Ok, your question is a bit broad for Stack Overflow, so it's best if you ask for one small point at a time. I'll provide some resources below so you know what to start research on, then when you have questions when implementing them, it's best if you post detailed questions about each step.
You can also use this as a way to guide you into constructing your project.
5) IMPORTANT This is actually the most important step: if you are going to be 'scraping' or grabbing a large amount of images from the website, make sure the site you are grabbing from allows you to do it!. Check out this article here about scraping ettiquete, so you don't get into any trouble.
1) For number 1, the process will consist of two steps. One step is accepting the string input from the user. You can take a look at this tutorial here, or search through how to accept and handle inputs from the user. Secondly, you will need to feed that user input into what is called a 'webdriver'. The webdriver allows you to automate a web browser to browse the web for you and query for images (eg. through google images). You can find some resources about the Chrome webdriver here or online.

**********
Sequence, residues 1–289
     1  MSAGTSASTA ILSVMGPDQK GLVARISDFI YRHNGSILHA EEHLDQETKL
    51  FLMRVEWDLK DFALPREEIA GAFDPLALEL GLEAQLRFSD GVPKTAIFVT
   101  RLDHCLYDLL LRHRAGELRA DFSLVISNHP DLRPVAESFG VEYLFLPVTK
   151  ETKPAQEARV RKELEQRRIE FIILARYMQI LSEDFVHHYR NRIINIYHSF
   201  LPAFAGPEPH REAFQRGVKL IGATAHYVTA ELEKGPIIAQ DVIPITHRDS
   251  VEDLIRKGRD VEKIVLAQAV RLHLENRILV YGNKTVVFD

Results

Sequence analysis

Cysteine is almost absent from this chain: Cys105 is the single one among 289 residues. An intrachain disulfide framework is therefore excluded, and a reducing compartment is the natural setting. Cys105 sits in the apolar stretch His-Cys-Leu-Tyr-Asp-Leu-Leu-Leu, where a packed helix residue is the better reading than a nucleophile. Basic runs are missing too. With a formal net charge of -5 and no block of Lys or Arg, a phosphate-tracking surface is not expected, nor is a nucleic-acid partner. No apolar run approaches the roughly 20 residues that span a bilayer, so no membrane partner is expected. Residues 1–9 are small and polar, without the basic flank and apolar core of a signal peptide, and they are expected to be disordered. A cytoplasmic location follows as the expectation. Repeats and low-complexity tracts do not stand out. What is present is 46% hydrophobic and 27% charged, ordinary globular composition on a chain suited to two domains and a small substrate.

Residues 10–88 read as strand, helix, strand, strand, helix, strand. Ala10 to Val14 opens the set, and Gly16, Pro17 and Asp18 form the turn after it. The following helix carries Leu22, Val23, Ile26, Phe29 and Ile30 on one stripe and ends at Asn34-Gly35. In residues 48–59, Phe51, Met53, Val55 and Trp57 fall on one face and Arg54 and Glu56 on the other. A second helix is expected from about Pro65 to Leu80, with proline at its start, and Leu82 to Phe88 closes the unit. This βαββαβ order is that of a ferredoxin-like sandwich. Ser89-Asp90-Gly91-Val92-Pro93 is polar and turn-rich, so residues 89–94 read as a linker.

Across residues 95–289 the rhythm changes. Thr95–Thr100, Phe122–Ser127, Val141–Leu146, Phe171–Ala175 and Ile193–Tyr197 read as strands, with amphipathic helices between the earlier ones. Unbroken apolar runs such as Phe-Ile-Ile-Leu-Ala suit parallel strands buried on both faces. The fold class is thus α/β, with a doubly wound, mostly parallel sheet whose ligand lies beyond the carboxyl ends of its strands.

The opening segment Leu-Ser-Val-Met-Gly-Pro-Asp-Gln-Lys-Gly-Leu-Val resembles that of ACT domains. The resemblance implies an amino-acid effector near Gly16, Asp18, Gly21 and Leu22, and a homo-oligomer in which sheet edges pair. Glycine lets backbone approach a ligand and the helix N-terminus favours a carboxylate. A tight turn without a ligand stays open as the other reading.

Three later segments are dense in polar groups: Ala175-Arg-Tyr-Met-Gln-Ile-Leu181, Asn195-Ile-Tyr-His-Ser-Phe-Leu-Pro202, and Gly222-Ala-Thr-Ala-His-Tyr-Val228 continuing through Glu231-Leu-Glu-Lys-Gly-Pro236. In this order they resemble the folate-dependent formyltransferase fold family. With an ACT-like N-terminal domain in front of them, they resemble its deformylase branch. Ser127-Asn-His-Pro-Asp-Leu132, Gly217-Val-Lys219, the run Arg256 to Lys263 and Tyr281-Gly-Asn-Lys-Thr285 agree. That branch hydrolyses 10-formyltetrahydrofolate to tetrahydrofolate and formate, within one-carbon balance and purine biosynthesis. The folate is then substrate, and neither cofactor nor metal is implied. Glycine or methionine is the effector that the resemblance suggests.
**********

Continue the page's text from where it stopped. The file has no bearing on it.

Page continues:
2) This step is done much easier than step one, just consult on how to extract from urls from the question you posted yourself. link. You could make a list of links from the results and just grab an image from a random link. To add to that, for python 3, the function you need instead is urllib.request.urlopen(url). The best practice would make use of the code as referenced here
# Download the file from `url` and save it locally under `file_name`:
with urllib.request.urlopen(url) as response, open(file_name, 'wb') as out_file:
3) This step involves using some libraries to display images from Python, you can find a question detailing it here. This step depends on which OS you are using, but you can find helpful posts on Stack Overflow for them.
4) If you want to do this without opening a browser, search up on how to use the WebDriver without GUI display, either on the web or SO.